By Becky Macbeth
June 12, 2015, 6:00am. A moment nothing in life could have prepared me for. Yet, at the same time, it was a moment my whole life had been preparing me for.
A phone call awoke me to the news: there was a plane crash. In that single moment I lost my sister who had been my role model from the time I was born, my brother-in-law who was the big brother I never had, my 15 year old nephew, and my 12 year old niece. It was something I never could have imagined in my worst nightmares. It was a devastating loss for our family, no doubt.
Upon receiving that horrific phone call, I was struck numb. I didn’t know what to think, what to do, or how to feel. I decided to pray aloud and, for the first time in my life, I knelt down, began my prayer and had absolutely nothing to say. Literally, nothing. It was the strangest thing I’ve ever experienced and I didn’t know what to do. I just knelt there for awhile, not saying anything at all, and not really feeling anything at all either. After a few more sobs and tears, I gave up and closed my prayer. But, as our remaining family members gathered together to provide love, support, and empathy with one another, we were overcome by a sense of peace. I could literally feel the prayers of so many people throughout the whole country buoying me up and giving us all the strength to endure. Whatever connection with God I lacked in that immediate moment following the news, was replaced with an outpouring of love and peace beyond description. God connected with me, and I with Him, through my community.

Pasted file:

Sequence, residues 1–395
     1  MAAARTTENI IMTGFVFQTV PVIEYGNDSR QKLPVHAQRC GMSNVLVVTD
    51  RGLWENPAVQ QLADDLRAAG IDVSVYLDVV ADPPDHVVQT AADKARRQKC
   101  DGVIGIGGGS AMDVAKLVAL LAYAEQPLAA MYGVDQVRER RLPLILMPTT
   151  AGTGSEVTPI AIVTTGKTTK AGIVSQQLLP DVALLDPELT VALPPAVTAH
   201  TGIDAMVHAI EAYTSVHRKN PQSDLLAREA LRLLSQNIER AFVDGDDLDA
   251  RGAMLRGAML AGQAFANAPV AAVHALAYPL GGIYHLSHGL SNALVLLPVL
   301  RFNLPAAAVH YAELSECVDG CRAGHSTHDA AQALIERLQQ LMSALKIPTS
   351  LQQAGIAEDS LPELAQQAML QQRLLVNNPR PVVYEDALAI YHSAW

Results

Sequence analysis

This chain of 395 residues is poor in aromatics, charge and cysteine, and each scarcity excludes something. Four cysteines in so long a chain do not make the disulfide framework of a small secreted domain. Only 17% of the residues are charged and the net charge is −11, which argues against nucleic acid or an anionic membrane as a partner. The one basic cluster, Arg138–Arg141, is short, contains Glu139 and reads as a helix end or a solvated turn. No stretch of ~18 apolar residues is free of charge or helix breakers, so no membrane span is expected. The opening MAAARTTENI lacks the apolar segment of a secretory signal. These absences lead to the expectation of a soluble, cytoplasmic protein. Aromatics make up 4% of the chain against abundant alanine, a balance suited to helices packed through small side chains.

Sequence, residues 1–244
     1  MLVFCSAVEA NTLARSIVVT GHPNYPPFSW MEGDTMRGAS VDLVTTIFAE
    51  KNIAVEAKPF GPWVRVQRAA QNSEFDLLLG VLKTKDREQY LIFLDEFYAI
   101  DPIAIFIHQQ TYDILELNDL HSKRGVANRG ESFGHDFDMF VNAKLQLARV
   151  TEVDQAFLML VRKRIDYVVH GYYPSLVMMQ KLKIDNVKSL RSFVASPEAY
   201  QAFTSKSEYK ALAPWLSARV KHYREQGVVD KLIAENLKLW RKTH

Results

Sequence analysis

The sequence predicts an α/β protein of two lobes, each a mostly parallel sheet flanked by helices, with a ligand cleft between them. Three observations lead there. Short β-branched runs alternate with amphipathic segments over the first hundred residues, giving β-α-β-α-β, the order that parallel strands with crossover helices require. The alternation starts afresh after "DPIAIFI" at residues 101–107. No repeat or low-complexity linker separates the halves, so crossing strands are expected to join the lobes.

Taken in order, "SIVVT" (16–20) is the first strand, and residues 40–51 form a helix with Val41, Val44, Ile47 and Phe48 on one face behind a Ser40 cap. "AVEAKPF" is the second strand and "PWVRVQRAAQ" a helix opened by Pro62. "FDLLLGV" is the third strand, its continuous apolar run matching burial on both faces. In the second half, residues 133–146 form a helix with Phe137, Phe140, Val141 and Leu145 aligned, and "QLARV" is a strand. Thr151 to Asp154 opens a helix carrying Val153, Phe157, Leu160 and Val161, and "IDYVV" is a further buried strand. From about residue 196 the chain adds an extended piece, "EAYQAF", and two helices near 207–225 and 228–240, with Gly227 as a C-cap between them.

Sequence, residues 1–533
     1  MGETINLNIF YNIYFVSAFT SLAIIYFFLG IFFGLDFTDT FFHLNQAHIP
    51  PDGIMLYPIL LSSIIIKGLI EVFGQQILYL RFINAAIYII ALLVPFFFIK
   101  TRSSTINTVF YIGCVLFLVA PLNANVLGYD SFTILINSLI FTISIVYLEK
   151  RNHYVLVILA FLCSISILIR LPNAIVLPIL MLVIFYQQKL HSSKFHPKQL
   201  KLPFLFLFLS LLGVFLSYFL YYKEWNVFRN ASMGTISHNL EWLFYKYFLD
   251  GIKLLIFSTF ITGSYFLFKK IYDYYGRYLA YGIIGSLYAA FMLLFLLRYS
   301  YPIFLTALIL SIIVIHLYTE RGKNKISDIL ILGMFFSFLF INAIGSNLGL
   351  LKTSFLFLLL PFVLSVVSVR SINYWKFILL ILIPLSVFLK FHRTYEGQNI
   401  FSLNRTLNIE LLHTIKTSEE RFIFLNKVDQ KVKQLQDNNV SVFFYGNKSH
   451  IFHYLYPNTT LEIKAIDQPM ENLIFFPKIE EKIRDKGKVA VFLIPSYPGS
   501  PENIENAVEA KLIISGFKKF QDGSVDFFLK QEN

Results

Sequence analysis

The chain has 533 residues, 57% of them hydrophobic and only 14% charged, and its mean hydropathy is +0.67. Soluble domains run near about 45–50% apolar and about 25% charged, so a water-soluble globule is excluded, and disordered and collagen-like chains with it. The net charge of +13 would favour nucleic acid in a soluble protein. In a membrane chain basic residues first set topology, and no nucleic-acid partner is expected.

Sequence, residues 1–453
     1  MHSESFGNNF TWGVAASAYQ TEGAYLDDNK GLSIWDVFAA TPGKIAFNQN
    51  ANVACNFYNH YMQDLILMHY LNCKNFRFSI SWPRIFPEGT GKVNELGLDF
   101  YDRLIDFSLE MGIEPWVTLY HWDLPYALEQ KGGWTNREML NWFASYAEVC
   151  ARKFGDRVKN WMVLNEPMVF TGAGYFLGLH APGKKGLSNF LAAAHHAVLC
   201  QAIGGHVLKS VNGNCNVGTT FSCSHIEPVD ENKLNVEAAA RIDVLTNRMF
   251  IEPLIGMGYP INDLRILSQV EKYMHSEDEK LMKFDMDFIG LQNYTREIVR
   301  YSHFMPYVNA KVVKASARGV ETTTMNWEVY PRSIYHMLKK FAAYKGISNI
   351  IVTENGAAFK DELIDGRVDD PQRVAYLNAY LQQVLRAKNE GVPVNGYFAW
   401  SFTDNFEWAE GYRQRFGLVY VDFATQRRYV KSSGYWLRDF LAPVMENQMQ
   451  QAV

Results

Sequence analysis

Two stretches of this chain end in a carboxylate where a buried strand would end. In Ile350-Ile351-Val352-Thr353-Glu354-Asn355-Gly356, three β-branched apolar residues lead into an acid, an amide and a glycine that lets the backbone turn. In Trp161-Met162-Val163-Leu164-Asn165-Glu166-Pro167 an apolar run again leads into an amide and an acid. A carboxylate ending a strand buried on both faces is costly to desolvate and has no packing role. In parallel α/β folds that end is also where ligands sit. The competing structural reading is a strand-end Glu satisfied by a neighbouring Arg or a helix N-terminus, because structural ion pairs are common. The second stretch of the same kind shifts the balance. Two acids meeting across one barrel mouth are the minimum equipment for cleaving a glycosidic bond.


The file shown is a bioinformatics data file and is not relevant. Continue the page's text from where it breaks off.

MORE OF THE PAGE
In times of trial or heartache, it seems our natural reaction is to ask the one seemingly unanswerable question: “Why?” Why me? Why this? Why now? But I have learned that from our limited, mortal perspective, we rarely (if ever) find the answer to that question. If you are one of the lucky ones and an answer does come, it’s often years down the road and provides no immediate solace to the broken heart.
When I was broken-hearted and felt powerless in that initial prayer, it was my community that answered the prayer I was too raw to even offer. They were my connection with Him until I could connect with Him on my own again. They were God’s hands in my time of need. They were the answer to my unspoken prayer, reaffirming to me that God does know and love me beyond comprehension. He was able to answer a prayer I couldn’t even utter. And though His answer wasn’t why this happened, I have learned that true understanding comes in changing the question. As I began to heal, and was able to offer prayer again, I learned to ask “What now?” instead of “Why?” God, with His all-knowing and complete understanding, sees things in a way we can’t. Even if He wanted to, He may not be able to explain His ways to our feeble, mortal minds. But, as our loving Father, He most definitely has an answer to the better question: “What now?” He is always there to guide us, if we just ask.
And, really, that’s the thing: He just wants us to ask. He wants us to reach out to Him in prayer, to seek His guidance, His love, His comfort. He wants to give us the next step on our path. But, like any good father, He isn’t going to force our hand or impose His way upon us. The first step is up to us. We have to have the courage to ask and then pursue His will. His guiding hand will be a constant presence, directing us in and through whatever comes next.